How healthy is your health drink?

Cold-pressed juices, flavoured water and relaxing drinks are flooding supermarket shelves. But are they all good for you?
(Photo: Shutterstock)
(Photo: Shutterstock)
Updated on Oct 14, 2016 09:46 PM IST
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Hindustan Times | By, Mumbai

Cold-pressed juices, flavoured water and relaxing drinks are flooding supermarket shelves. But are they all good for you?

Bandra-based songwriter Heena J (29) got herself a 90-day subscription to a cold-pressed juice brand. She now has a bottle home-delivered every morning (the brand in question doesn’t retail). “I love fruits, but I don’t get the time to stock, cut and eat them. Juices are a good solution,” she says. Heena belongs to the tribe of the urban, health-conscious professional with little time on their hands, but the inclination to eat healthy.

Read: What’s driving us to order fresh and organic produce?

Not so long ago, juices were made fresh at home — you’d squeeze it, or chuck it in a blender. Simple. Or, you’d get it from the juice-seller down the road. Juice was just juice. And the only choices you had were: no added sugar, or no ice, please.

But the game has changed. Even the roadside seller offers a hip “ABC juice”: amla + beetroot + carrot. And navigating packaged beverage in earnest requires a minor chemistry diploma.

Attractively packaged vitamin-flavoured water, and relaxing drinks are the latest entrants. Good old juices are now cold-pressed, sparkling, or organic.

Priced anywhere between Rs 50 to Rs 150 per unit, they are not exactly cheap. So, what you’re paying for are the good-for-health keywords. Many claim to be low-sugar and preservative-free. Sounds better than much-maligned colas?

But even this category calls for discernment (we’ll get to that).

Healthy demand, not always healthy supply

According to consulting firm Technopak, the packaged juices market is worth Rs 1,100 crore, and one of the fastest growing categories in the beverages segment, having grown 25 to 30% over the past decade.

Prime Minister Narendra Modi’s appeal (in 2015) to MNCs to add juices to drinks and help farmers increase sales also boosted interest. The flip side: in June, food safety regulator FSSAI proposed relaxing norms for carbonated drinks with fruit juices. So, the actual fruit content can be as little as 5 to 10%.

Experts say fresh juices are better than packaged ones (HT file photo; representative image)
Experts say fresh juices are better than packaged ones (HT file photo; representative image)

Read between the lines

So how do you make sense of this murky kingdom of juices? The old, simple advice largely holds true: fresh fruits are better than juices. And fresh juices are better than packaged ones.

“Food labelling in India is at a nascent stage (made mandatory by FSSAI in 2008, but being enforced recently). Most companies are putting labels out of compulsion,” says Manisha Parelkar, associate professor — food science and nutrition, SPN Doshi Women’s College, Ghatkopar. Parelkar has been studying labels and conducting surveys on nutrition. Her advice: “Illustrations don’t reflect health value. In fact, the nutritional table (at the back) can be misleading too.” (See box)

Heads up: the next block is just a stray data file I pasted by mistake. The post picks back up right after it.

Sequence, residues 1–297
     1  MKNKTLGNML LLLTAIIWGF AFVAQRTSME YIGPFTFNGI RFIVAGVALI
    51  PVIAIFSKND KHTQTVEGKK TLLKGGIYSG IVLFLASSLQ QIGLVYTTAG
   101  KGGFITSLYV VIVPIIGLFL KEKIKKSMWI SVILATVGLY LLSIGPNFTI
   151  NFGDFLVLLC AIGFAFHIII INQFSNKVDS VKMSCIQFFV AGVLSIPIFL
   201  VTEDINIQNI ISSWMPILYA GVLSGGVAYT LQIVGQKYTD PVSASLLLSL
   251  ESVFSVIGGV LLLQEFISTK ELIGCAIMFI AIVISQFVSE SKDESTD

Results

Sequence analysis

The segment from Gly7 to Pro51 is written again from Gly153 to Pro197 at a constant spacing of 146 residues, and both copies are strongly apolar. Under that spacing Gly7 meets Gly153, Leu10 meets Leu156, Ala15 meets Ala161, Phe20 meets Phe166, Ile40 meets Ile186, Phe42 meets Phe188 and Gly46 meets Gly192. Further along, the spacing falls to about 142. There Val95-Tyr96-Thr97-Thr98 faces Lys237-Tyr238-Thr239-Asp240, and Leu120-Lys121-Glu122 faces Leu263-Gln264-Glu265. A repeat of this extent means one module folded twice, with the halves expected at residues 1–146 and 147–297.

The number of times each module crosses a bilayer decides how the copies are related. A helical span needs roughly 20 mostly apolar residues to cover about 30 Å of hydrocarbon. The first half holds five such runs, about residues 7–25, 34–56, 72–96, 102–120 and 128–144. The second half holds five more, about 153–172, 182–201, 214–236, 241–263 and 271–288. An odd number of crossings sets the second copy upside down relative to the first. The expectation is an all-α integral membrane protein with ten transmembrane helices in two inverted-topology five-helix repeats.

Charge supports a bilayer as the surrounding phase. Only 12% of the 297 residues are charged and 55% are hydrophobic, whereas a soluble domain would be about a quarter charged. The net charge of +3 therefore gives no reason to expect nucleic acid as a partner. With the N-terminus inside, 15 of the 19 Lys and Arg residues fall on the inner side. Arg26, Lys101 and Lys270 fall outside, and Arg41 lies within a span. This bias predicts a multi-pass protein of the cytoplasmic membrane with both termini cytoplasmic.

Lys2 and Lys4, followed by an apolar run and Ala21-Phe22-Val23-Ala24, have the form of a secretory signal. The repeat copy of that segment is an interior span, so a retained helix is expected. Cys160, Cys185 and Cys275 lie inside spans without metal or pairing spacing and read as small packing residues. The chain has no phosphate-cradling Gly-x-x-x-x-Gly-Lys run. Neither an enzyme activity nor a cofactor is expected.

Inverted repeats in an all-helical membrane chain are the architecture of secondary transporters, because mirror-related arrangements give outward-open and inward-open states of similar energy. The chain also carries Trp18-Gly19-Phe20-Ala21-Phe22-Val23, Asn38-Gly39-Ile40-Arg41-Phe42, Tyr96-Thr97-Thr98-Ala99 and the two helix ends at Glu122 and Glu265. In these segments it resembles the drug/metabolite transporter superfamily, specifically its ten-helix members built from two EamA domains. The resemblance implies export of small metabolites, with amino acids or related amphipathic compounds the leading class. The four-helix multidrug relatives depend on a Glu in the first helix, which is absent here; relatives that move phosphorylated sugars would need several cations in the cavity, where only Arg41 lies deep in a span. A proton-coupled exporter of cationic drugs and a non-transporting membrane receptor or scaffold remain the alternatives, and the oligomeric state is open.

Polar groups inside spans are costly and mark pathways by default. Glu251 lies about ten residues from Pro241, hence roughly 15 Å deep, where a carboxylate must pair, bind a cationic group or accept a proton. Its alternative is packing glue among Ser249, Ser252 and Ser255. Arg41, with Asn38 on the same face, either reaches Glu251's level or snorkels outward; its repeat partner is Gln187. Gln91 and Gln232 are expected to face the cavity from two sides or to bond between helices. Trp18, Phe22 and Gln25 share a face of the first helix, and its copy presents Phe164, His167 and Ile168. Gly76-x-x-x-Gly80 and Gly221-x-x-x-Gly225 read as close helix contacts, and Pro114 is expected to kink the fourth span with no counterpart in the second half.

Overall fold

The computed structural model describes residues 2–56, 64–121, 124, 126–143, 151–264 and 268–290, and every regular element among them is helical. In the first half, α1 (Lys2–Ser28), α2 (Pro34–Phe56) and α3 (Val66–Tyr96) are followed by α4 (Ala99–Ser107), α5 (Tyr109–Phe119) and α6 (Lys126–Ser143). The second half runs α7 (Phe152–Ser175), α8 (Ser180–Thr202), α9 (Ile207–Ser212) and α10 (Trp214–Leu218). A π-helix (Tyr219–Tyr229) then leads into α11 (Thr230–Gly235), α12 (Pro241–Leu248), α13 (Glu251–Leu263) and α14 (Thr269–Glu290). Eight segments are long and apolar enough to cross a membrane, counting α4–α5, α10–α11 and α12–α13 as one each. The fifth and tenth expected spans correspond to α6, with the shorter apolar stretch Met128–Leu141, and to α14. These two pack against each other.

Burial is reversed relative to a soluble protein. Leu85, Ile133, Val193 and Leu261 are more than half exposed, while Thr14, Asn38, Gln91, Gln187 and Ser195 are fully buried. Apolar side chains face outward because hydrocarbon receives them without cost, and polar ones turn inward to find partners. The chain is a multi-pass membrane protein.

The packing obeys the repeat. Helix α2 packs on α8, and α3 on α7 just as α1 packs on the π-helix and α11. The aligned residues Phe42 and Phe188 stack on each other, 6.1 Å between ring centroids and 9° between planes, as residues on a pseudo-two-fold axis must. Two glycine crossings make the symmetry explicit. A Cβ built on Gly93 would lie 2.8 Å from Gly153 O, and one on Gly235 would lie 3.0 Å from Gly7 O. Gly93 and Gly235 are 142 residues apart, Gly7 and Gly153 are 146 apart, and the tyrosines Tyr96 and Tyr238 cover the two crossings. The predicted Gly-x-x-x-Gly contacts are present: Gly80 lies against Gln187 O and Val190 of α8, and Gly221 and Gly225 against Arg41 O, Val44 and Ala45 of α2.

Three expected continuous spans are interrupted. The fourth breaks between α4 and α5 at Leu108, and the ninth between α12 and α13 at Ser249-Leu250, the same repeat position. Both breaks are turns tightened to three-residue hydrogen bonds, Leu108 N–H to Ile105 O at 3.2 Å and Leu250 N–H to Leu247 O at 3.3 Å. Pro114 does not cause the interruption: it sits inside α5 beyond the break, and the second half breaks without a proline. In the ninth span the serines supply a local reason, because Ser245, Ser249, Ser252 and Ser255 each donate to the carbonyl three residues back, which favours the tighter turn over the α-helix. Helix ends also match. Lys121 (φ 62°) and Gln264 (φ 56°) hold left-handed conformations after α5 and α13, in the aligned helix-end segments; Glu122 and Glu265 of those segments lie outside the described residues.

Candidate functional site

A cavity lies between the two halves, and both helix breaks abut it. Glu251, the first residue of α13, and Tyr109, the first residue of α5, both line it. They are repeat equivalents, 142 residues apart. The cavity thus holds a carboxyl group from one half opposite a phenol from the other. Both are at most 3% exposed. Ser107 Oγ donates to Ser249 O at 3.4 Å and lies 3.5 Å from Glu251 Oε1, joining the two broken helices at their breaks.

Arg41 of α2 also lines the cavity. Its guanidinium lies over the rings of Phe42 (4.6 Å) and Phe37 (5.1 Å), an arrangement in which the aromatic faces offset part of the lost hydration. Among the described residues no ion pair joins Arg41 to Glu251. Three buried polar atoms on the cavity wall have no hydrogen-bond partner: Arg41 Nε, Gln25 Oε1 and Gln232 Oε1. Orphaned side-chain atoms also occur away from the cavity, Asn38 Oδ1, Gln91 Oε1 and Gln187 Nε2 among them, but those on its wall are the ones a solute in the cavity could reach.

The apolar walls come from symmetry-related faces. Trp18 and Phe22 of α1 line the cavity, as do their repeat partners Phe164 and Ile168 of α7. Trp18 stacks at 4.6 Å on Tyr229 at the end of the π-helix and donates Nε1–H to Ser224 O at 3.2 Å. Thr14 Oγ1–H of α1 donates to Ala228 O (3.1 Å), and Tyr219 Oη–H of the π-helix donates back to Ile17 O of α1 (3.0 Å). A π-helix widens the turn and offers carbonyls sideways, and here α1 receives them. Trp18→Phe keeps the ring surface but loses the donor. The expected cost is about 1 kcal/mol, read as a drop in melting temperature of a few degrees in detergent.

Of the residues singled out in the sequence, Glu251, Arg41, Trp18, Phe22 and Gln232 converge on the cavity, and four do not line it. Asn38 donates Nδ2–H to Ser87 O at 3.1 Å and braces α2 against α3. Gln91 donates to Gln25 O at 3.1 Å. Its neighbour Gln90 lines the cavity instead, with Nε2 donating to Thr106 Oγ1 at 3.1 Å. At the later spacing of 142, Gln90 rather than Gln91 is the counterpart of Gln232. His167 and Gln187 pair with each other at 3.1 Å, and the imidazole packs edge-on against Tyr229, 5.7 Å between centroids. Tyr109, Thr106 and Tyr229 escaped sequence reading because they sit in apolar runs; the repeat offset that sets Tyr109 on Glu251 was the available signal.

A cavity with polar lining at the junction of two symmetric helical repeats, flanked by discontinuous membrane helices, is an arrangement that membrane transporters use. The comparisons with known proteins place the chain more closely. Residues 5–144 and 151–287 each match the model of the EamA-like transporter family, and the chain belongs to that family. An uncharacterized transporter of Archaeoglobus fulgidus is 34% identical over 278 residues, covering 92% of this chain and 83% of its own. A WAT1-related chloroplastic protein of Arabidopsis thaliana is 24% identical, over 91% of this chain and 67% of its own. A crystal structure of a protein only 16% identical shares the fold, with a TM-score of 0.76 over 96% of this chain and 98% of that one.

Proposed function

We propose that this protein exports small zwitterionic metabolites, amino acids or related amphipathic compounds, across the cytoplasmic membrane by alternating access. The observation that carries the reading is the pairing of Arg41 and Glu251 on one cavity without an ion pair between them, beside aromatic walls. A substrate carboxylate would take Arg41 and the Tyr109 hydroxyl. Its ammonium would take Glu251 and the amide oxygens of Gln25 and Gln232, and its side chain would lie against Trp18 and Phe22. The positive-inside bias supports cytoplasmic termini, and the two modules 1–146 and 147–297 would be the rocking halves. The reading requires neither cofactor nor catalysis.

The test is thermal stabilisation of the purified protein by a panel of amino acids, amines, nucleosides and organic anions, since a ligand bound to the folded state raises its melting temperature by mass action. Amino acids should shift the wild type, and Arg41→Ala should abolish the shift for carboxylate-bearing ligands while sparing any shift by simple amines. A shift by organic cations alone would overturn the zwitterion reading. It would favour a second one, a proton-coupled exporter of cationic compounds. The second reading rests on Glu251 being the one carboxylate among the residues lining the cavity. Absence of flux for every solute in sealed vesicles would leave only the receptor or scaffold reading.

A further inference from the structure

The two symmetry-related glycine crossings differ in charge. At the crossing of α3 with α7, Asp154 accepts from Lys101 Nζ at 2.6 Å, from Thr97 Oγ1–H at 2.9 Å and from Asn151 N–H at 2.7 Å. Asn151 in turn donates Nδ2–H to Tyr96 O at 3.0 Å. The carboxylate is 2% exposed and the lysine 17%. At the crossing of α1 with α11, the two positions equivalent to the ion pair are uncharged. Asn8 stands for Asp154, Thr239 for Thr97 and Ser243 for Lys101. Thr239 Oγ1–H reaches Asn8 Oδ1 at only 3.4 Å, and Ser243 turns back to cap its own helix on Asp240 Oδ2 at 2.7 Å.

Despite claims of low- or no-sugar, most beverages have approximately 11g of sugar (100ml), which is high. “The maximum sugar intake per day (for adults) was 25gm (6tsp), but was revised by American Journal of Clinical Nutrition to 16gm (4tsp), from all sources: vegetable, fruits or juice,” says nutritionist Anjali Peswani.

“Fruits have complex sugar that release slowly, so high sugar content (in packaged juices) is surprising,” says nutritionist Dr Ratnaraje Krishna Thar, who has been researching on nutrition and dietetics.

A flavoured water label mentions use of the artificial sweetener aspartame, which experts agree, is worse than sugar. “Research shows that sweeteners are foreign products, and the body takes longer to process them,” says Peswani.

(Photo: Shutterstock)
(Photo: Shutterstock)

Cold facts

Among the juices on offer, cold-pressed has come to be the most popular new category. Juices are squeezed using a hydraulic cylinder that apparently don’t generate heat and allow little exposure to oxygen. This is different from regular juicers that slice the fruit, generating heat. Heat and oxidation are believed to damage nutrients in fruits. However, while this is the theory on which cold-pressed juices are sold, there is little ground research to back the claim.

Parelkar even cautions that the sugar content of cold-pressed juices could actually be higher: “The technique involved in cold-pressing juices could release acellular sugar (sugar cells get separated from cells of the fruit) which have a greater proportion of fructose.”

Organic juices are a safe bet, say nutritionists, if the source can be verified, and the sugar content is low. Carbonated or sparkling juices, however, are best avoided, because they cause the same harm as cola, says Peswani.

And how does your homemade nimbu pani/juice compare to these fancy beverages? “It balances electrolytes and performs pretty much the same function,” says Peswani. She says you could be making your own flavoured water at home (soak fruits overnight in water, consume the next day).

A lot more can be done by beverage brands as well. Parelkar cites global trends where nutritional labels are mentioned upfront and products are arranged by colour (denoting high to low sugar content): “You can scan labels at a go, based on the indicators.”

While the variety of beverages in the market might seem overwhelming, the labels might be your key to making the best decision.


    Soma is an Assistant Editor for the weekend supplement HT 48 Hours. She writes on lifestyle, art and culture.

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